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Skip the tan, save your skin

By 18, you may have had 80 percent of your sun exposure

Skip the tan, save your skin

By Christy Oglesby

(CNN) -- It's a cancerous combination -- feeling invincible and being susceptible. That's what does young people in when it comes to sun exposure.

The tan they think looks healthy is evidence of harm. That browning is the skin's reaction to too much radiation, a kind of translucent scab on a body-size sore. But nothing experts say seems to keep millions from doing their impressions of lizards on rocks.

Some have heard the message but have turned to tanning beds, thinking they were safer. Now states are passing legislation to make sure teens and older people know that baking beneath tanning lights is just as dangerous as the sun's rays. Texas and Tennessee recently created laws to inform young people of tanning bed risks and bar them from the beds without parental consent.

"The message is, 'A safe tanning bed is like saying there is a safe cigarette. It doesn't exist,'" says Shelley Sekula-Rodriguez, an assistant dermatology professor at the Baylor College of Medicine in Houston, Texas. " ...If a person wants to add color, they should use sunless tanners in a bottle. They are very safe."

Early start

On average, a person receives about 80 percent of their lifetime sun exposure by the time he or she is 18, according to the American Academy of Dermatology (ADA). During T-ball tournaments, family beach excursions, theme park forays and physical education classes, children are racking up hours under the sun.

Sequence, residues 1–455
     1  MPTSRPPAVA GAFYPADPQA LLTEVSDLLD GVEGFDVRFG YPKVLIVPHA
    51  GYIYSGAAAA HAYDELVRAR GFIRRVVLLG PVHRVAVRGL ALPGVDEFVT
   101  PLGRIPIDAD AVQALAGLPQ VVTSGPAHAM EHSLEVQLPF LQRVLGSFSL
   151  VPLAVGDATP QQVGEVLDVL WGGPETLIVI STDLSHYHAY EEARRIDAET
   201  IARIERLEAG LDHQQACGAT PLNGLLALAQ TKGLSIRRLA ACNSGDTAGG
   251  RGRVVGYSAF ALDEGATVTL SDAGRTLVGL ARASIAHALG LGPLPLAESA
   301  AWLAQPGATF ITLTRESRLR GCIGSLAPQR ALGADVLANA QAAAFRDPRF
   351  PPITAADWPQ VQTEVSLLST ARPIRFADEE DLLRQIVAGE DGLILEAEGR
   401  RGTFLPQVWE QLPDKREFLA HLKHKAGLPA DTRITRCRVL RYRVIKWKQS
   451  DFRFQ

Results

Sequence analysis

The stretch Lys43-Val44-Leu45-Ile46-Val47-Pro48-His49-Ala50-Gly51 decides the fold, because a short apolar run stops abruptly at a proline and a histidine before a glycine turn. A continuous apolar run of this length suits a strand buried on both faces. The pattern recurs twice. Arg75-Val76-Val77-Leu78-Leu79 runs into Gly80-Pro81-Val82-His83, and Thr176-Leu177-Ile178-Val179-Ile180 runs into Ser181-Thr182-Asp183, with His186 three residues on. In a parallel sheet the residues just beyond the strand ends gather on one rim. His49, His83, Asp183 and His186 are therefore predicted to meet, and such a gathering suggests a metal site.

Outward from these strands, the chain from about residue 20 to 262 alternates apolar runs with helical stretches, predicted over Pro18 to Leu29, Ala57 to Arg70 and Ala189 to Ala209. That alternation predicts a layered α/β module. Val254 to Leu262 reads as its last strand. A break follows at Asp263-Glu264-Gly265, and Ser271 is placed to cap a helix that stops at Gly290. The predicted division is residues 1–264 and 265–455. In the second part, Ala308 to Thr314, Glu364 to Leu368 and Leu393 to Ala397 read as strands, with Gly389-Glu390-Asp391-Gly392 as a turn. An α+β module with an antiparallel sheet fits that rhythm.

Learn more about skin cancer  and how to prevent it
For educators, parents: Discussion guide on the dangers of tanning 

And previous studies, the ADA says, indicate that sun exposure is responsible for at least two-thirds of melanomas. Intermittent sun exposure during recreational activities also is linked closely to melanoma, the most serious skin cancer.

The most common form of skin cancer, basal cell carcinoma, and squamous cell carcinoma are both results of chronic exposure to sunlight.

"We're not completely sure why young people are particularly at risk," Sekula-Rodriguez says. "It could be that their immune system isn't mature. They also have young cells, and that means they're really growing faster. If a cell is rapidly growing, it's replicating DNA and the faster you produce DNA, it's more likely an error will occur. Cancer is more likely in rapidly replicating cells."

Tennessee's legislators strengthened the state's tanning bed laws to require teens between 14 and 18 to bring a parent with them to sign a form acknowledging the risks of tanning or a notarized statement indicating that acknowledgment.

State senator Rosalind Kurita sponsored the bill, which also includes a requirement to post conspicuously who shouldn't use tanning facilities. "It lists about 10 things -- 'if you're red-headed, if you're taking certain antibiotics or if you use birth control pills -- don't do this,'" Kurita says.

Texas' legislation is similar and prohibits the use of indoor tanning salons by anyone under 13, except under a doctor's supervision.

Sunscreen offers some protection from the sun and the ultraviolet light of tanning beds, but many people use the lotions to prevent sunburn while tanning. And that's improper usage, Sekula-Rodriguez says.

The best protection against overexposure to sun and the cancers it can cause, specialists say, includes sunscreen, avoiding sunshine during peak hours, protective clothing and wide-brimmed hats. And most important, skip the intentional baking.

"If you weren't born with a tan," says Kurita, "don't get one."


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